I used to think that those who are skilled at walking on water (metaphorically speaking) are so because they never take their eyes off the prize — God. They hear the thunder, see the lightning, know somewhere in the recesses of their minds about what lurks beneath the waves, but they don’t get distracted. They don’t let the water pull them down. This is a simplistic notion. Many things can affect our ability to cope, for instance, illnesses and addictions that sap our strength and change brain chemistry, throwing us off balance. Try walking on water with a millstone like that around your neck.

We mustn’t judge or condemn those who don’t make it. Walking on water is an act of extreme grace. It is a daily miracle. Most of us never have to do it — we just sail along in our fortunate ships. For those who must walk on water, God can be a tremendous resource, a lighthouse beacon, a life preserver. I have experienced this in my own travels. God holds me up.

But I will never be anything but empathetic to those who drown.

Watching the news yesterday, the scroll at the bottom of the t.v. screen said, “Market Crash.”

And I stopped sipping my coffee.

Say what?

I looked outside.  Some macabre part of me was thinking I might see people jumping out windows and others frantically running in the street.

The market crashed? Where was the general panic?

As it turns out, it was an ill-chosen headline.  It actually referred to a hit-and-run driver having crashed into a fruit market.

Phew! I thought. For a minute there, I thought the end was nigh.

And then I heard the rest of the story, as Paul Harvey used to say. (Young demographic, please google this reference.)

One woman was killed when this driver crashed into the market.

It really is equally tragic.  One life lost is just as momentous as the whole stock market crashing. For that person, for her family – it really is the end of the world.

Then I read that Robin Williams had ended his life. He brought so much light and laughter into our lives, we never thought he’d leave us this way.

Just as the President announced that we would start airstrikes in Iraq, while at the same time, delivering medical and humanitarian aid, each one of us has a choice.  When we go out into the world, we can bring a bomb or a balm.

Everybody is going through something, even if you can’t see it. Please choose kindness as your default setting. One small word of compassion can make a big difference for those silently suffering through dark nights of the soul. God’s grace is a constantly replenishing resource.  You can give it away and still find your soul filled to overflowing.

As I may have mentioned a thousand times before on this bloggie, I’m from Jersey.  Do youse gotta prollem widat? As you can see, we have our own language.  I’m from a place that has a bit of a, shall we say, reputation.  We’re not exactly known as a warm and fuzzy place, and we may be perceived as a bit, well, brash, perhaps even veering into… obnoxious.

It doesn’t help that our governor is larger than life (although shrinking, post-bariatric surgery) and has attitude to spare.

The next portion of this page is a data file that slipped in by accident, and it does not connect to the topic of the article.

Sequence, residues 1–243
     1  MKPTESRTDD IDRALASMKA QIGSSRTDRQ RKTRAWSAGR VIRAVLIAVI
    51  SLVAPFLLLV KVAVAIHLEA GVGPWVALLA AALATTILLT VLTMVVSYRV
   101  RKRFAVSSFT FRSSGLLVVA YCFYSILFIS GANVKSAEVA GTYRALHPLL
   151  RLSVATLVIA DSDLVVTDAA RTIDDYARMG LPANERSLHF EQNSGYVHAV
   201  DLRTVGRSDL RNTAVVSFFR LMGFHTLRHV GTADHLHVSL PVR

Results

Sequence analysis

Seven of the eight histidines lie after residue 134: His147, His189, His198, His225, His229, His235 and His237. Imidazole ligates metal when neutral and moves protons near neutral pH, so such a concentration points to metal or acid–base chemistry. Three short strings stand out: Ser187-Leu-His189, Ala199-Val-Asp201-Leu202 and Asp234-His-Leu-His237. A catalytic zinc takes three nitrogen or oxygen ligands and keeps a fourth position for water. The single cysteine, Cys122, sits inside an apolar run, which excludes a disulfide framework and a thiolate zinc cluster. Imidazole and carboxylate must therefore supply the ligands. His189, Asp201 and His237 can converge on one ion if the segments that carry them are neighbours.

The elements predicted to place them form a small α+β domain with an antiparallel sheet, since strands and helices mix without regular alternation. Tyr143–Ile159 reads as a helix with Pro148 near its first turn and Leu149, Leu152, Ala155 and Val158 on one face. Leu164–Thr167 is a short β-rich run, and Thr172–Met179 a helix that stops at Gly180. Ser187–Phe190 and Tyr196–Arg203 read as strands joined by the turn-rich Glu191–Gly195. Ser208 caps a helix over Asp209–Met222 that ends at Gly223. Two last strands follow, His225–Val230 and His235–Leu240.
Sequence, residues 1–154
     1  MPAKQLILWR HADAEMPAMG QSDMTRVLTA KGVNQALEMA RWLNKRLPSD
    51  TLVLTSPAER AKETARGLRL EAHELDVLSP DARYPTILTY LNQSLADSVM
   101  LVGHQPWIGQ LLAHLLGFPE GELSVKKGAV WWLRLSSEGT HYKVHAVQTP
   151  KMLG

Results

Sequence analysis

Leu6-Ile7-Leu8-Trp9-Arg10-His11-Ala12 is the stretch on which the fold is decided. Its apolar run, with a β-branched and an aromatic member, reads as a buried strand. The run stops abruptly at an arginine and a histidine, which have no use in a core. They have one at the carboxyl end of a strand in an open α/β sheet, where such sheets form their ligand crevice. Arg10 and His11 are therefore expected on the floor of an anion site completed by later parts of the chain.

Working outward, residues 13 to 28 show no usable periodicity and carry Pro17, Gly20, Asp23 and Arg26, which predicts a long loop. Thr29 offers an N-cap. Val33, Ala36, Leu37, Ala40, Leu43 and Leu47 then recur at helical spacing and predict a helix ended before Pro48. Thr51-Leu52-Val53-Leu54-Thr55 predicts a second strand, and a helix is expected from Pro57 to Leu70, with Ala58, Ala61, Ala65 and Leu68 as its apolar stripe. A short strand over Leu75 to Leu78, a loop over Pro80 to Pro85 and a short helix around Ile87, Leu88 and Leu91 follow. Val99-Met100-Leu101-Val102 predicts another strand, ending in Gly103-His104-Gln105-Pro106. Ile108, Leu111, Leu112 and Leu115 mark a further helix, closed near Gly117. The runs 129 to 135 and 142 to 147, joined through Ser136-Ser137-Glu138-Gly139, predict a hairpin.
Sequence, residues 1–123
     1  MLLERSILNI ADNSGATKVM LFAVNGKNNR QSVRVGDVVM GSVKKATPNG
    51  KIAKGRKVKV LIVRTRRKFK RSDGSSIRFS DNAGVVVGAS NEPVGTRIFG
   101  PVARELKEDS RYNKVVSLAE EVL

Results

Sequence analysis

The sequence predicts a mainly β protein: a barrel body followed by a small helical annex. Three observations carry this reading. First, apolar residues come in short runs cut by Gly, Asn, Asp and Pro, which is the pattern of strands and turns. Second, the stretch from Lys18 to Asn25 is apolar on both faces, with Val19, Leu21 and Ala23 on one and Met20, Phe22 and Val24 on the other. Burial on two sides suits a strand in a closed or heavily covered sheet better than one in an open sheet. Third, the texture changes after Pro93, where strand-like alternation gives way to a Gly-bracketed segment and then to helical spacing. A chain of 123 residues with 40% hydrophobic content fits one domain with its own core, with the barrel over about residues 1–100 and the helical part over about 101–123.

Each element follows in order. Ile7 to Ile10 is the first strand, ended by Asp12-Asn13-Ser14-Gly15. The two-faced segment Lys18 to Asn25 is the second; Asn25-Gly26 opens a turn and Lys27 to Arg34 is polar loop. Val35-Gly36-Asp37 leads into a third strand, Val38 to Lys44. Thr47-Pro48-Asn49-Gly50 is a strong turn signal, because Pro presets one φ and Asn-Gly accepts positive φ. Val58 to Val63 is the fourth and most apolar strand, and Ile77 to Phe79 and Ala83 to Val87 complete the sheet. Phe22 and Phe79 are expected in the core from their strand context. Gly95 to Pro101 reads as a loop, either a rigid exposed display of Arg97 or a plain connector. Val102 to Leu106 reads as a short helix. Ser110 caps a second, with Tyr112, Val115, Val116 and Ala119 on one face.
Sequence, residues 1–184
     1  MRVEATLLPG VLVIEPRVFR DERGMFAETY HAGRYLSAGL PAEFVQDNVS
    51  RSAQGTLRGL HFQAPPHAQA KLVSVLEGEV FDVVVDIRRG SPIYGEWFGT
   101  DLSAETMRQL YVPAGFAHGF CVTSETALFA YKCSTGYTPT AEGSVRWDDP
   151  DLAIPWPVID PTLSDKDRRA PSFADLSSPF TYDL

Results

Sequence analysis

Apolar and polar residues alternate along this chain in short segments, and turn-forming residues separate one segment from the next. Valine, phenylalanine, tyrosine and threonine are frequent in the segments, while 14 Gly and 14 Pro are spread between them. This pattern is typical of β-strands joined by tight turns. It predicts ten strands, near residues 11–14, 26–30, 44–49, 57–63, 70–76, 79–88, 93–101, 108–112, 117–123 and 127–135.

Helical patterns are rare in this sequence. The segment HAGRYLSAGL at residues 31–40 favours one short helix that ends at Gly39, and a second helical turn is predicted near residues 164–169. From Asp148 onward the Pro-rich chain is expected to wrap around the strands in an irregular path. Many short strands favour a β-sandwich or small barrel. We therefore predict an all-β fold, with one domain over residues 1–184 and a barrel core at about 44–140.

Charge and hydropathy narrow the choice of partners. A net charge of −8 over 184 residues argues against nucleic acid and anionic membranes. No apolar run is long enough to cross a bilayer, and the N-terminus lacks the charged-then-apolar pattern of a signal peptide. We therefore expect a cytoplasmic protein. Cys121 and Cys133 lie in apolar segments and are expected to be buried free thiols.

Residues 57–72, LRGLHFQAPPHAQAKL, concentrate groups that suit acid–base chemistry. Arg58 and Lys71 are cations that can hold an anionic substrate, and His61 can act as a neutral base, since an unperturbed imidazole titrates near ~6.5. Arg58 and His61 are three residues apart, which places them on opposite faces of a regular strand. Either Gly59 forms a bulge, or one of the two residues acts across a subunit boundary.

Are we in a hurry?  Probably.  Do we have a bit of swagger in our step? I think so. But people from Jersey – in fact, people from Anywhere, USA – all want the same things out of life and, I may go out on a limb here, but hear me out: I think most people have a good heart and want to help others when they can.

A couple of weeks ago, I was receiving my monthly infusion of medication, and my nurse, Rosanne, was taking care of me.  She and all the nurses and staff at the Regional Cancer Care Center in East Brunswick* have been angels to me, making me feel like part of their family.  After my infusion was started, the husband of another patient stopped by to hand me a Dunkin Donuts Munchkin. “Oh, thank you,” I said, smiling, and he nodded pleasantly.  A few minutes later, he returned with the box.  “Go ahead,” he offered.  “Take as many as you want.”  I declined, but he persisted.  “Go on.  The nurses said we could share.”  I shook my head and he stood there, really wanting me to take another donut.  Finally I said, “I’m the one who brought them in!”

I think most people really want everyone to be happy.

There.  I said it!

I know that “Schadenfreude” is a thing now.  And that there are some people who do enjoy watching other peoples’ “fails” on YouTube.

But if given the chance, I think almost everyone will try to make a stranger’s day brighter.

Sure, if you just go by the headlines and the nightly news, you’d think most people are miscreants.  But that’s just not the case.  Even though the people doing the wrong thing are getting a lot of airtime, the ones Mister Rogers called “the Helpers” are out there too.  They’re at the Infusion Center in the hearts and hands of the nurses, the pleasant banter of the staff, the patients encouraging each other.

I may be the only person in the world who didn’t watch “Mister Rogers’ Neighborhood” as a child.  But recently I saw a documentary about Fred Rogers’ life, and he believed that there is always a way to find people willing to do the right thing, even during a crisis.

It doesn’t take much to be kind to someone else.  Even a donut hole that you bought yourself can taste like manna when a stranger gives it back to you. And if we all agree to try it at least once a day – hold a door for a young mother at the mall, let someone onto the elevator first – maybe there will be a cumulative effect and a whole wave of kindness will overtake the world!  Or, at the very least, your day will be better.  It’s the opposite of “Schadenfreude.”  Maybe we’ll call it “Lightenupfreude.” Could that become a thing?  It’s up to you!

*This is where I receive my Tysabri for Multiple Sclerosis.  Just so my friends don’t worry, I don’t have cancer, dear ones.  It’s just the name of the place where I receive my infusion every month.

Have a Mary Little Christmas